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Sudden aggression in flock...?

post #1 of 5
Thread Starter 

Any and all advice is very much appreciated!

 

I have four chickens, three of which are in a little flock together -- the fourth is an aggressive rooster who has to be kept away from them. This concern is with my flock of three. The flock consists of all bantams. There's Alaska, a four year old d'Uccle hen, and there is her son Alex, a one and a half year old d'Uccle/booted bantam mix. Unrelated to them is my other hen, Mykerion, a two and a half year old Rosecomb/Cochin mix.

 

These chickens have lived together as a flock ever since Alex was born. Alaska and Mykerion carried over from my first full bantam flock after the others passed away. So it's been at least a year and a half that they've lived together. For the most part, they're pretty peaceful. Every couple of weeks or so, Alaska and Alex will fly at each other in a little skirmish that lasts all of about ten seconds. I guess they're trying to figure out who's in charge: Alex because he's the only man, or Alaska because she's his momma! Mykerion never starts any fights. She is so laid back and docile.

 

But for about the last week now, the strangest thing is happening... Alex and Alaska have turned on Mykerion and they're picking the poor girl almost to death! It started with them just chasing her and pecking if she got too close, but in the last three days it's gotten brutal. Mykerion won't come down off of the roosting poles because if she does, the other two corner her and they're pecking her non-stop. I haven't been able to catch her to see if she's got actual wounds yet or not.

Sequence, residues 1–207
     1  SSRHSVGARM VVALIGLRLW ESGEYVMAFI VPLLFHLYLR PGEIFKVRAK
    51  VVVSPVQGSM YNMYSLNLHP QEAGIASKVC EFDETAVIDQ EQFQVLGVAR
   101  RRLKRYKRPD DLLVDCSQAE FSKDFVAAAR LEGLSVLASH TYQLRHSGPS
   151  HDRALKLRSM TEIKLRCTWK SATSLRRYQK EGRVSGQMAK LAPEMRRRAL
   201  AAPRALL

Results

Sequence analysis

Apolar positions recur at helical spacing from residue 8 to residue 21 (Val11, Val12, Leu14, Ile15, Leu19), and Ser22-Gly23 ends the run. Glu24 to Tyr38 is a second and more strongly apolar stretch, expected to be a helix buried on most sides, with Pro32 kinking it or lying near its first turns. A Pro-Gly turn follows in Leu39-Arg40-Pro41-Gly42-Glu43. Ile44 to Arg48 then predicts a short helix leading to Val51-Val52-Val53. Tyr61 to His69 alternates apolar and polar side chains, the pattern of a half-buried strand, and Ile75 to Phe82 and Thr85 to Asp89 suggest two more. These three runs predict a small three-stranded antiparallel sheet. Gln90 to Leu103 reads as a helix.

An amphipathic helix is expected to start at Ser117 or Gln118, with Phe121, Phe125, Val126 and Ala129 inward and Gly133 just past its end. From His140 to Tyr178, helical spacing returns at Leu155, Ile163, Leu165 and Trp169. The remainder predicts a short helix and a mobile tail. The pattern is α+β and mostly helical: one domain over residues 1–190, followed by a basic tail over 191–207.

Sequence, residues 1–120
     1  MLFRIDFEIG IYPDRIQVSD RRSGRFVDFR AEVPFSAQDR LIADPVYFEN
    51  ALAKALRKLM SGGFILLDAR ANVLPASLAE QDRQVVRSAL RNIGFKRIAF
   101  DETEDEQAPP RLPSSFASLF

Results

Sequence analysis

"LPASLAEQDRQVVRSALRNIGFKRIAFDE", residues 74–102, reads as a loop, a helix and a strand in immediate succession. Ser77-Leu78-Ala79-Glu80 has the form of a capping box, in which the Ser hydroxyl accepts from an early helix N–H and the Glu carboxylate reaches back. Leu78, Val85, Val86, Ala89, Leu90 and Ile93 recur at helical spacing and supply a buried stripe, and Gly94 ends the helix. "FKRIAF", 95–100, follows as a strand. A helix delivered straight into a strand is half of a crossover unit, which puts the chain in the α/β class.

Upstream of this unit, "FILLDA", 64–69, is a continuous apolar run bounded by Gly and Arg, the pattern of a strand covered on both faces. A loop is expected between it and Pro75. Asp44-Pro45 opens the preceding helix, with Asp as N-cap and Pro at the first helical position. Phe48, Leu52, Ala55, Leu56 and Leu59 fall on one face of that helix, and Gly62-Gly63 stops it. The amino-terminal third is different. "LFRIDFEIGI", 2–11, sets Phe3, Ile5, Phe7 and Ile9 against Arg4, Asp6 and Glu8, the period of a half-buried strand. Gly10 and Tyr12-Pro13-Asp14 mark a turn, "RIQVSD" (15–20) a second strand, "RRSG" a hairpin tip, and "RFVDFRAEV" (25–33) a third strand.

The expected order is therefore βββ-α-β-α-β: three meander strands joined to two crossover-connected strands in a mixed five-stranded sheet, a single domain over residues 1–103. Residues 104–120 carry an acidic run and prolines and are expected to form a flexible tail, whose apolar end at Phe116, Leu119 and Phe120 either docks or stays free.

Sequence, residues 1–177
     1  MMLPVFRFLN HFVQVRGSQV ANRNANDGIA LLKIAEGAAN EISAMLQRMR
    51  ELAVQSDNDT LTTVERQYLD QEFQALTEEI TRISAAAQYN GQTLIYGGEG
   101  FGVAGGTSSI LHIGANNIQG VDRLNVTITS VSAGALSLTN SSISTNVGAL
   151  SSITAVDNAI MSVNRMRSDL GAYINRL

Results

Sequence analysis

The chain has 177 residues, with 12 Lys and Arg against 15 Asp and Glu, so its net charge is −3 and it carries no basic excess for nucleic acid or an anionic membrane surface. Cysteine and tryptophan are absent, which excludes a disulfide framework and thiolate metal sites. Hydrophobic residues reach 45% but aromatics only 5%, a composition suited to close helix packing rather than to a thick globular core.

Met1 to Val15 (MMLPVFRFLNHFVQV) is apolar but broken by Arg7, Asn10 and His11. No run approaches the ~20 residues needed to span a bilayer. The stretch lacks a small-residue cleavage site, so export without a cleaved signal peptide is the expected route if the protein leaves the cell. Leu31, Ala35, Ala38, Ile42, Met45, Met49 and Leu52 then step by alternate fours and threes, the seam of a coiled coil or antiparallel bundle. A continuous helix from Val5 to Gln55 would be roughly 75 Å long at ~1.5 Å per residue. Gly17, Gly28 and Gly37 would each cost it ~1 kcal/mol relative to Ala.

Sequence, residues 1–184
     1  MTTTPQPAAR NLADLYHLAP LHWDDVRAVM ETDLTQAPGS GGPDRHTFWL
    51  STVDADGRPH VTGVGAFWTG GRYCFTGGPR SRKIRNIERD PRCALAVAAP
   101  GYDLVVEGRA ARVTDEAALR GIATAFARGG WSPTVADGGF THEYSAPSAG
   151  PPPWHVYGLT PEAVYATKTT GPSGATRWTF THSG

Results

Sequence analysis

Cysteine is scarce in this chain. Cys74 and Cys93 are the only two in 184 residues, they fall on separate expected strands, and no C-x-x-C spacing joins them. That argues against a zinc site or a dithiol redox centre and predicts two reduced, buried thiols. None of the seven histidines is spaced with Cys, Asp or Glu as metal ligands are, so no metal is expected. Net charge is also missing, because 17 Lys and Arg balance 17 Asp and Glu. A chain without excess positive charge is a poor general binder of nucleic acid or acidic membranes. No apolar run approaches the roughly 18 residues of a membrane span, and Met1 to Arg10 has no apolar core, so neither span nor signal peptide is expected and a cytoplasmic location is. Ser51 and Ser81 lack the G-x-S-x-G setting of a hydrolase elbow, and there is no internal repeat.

Note that my chickens aren't free-range due to predators... They live in a dog kennel in the backyard, and it's a 10x10 foot kennel. Like I said before, they've lived peacefully in here for over a year with no problems, and suddenly it seems like Alex and Alaska are trying to kill Mykerion. Alex has never been mean, even for a rooster. He's so sweet to me. And Alaska and Mykerion have always gotten along, they have even brooded eggs together.

 

Does this sound like a familiar situation to any of y'all? Is it something that will blow over without harm or do I need to intervene? Should I remove Mykerion? We don't technically have anywhere to keep her at the moment, nor do I want her to have to live alone. Free-range isn't an option here either. Are they just re-doing the pecking order or is this a deeper problem?

 

Thanks in advance!

My Flock:

 

Georgia the Cochin bantam rooster, Alaska the Belgian d'Uccle hen, Alex the booted/d'Uccle rooster, & Mykerion the Cochin/Rosecomb hen

Reply

My Flock:

 

Georgia the Cochin bantam rooster, Alaska the Belgian d'Uccle hen, Alex the booted/d'Uccle rooster, & Mykerion the Cochin/Rosecomb hen

Reply
post #2 of 5

You did an excellent job of supplying plenty of information. It really helps us get a picture of what's going on.

 

What I see is a young flock that has matured to the point they are now bored and feeling crowded and confined. So they're stressed and that causes aggression. They're taking out their frustrations on the flock member least likely to challenge them back.

 

Now, what to do? If you can find the resources, it would help to expand the run, maybe add another kennel. But further than that, it would help to relieve their boredom by adding "furniture" to the run, such as an old chair, a nice big tree branch, tree stumps. Even break up the run with partitions so the bullies don't have straight and easy access to their targets, and the targets have things on which to perch or hop onto or run behind to evade their tormentors.